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4 May 2004 Use of BI-RADS lesion descriptors in computer-aided diagnosis of malignant and benign breast lesions
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The purpose of this study was to determine whether combining an automated computer technique that classifies calcifications in mammograms as malignant or benign with radiologist-provided BI-RADS lesion description improves classification performance. Three expert mammography radiologists who were MQSA certified and familiar with BI-RADS retrospectively interpreted 125 cases of mammograms containing calcifications and provided BI-RADS lesion descriptions. A computer technique was applied to the mammograms to extract eight image features that describe the size, shape, and uniformity of individual as well as groups of calcifications. We compared the performance of artificial neural networks that estimated the likelihood of malignancy based on input from either the computer-extracted image features alone, the BI-RADS lesion descriptors alone, or the combination of both. The leave-one-out method was used. Combining the BI-RADS lesion description provided by a single radiologist and computer-extracted image features resulted in improved performance. However, using two radiologists' BI-RADS lesion descriptions such that one radiologist's data was used to train and another radiologist's data was used to test the neural network diminished this improvement in performance. These results suggest that variability in radiologists' BI-RADS lesion description is large enough to offset a potential gain in performance from combining it with an automated computer technique.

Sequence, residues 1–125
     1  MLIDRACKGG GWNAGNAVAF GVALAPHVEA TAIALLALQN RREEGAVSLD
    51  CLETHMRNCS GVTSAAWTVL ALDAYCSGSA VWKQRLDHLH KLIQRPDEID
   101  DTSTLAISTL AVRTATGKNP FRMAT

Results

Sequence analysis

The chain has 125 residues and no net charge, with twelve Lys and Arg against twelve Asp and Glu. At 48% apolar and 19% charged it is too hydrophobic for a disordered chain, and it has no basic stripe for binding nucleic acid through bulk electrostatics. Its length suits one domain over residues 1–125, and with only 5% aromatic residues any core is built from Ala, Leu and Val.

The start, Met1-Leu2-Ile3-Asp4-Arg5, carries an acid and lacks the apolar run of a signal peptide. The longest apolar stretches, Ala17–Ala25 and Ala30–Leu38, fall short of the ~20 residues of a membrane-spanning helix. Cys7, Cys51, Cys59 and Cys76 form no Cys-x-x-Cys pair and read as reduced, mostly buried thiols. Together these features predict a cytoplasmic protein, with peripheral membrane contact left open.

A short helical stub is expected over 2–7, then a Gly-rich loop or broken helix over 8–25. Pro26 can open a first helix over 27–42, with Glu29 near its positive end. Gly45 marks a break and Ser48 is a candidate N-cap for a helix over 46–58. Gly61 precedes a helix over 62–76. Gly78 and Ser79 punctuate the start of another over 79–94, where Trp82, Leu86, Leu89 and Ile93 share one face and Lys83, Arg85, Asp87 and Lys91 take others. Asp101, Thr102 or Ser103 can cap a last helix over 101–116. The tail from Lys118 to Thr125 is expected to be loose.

© (2004) COPYRIGHT Society of Photo-Optical Instrumentation Engineers (SPIE). Downloading of the abstract is permitted for personal use only.
Yulei Jiang, Robert A. Schmidt, Robert M. Nishikawa, Carl J. D'Orsi, Carl J. Vyborny, and Gillian M. Newstead "Use of BI-RADS lesion descriptors in computer-aided diagnosis of malignant and benign breast lesions", Proc. SPIE 5372, Medical Imaging 2004: Image Perception, Observer Performance, and Technology Assessment, (4 May 2004);

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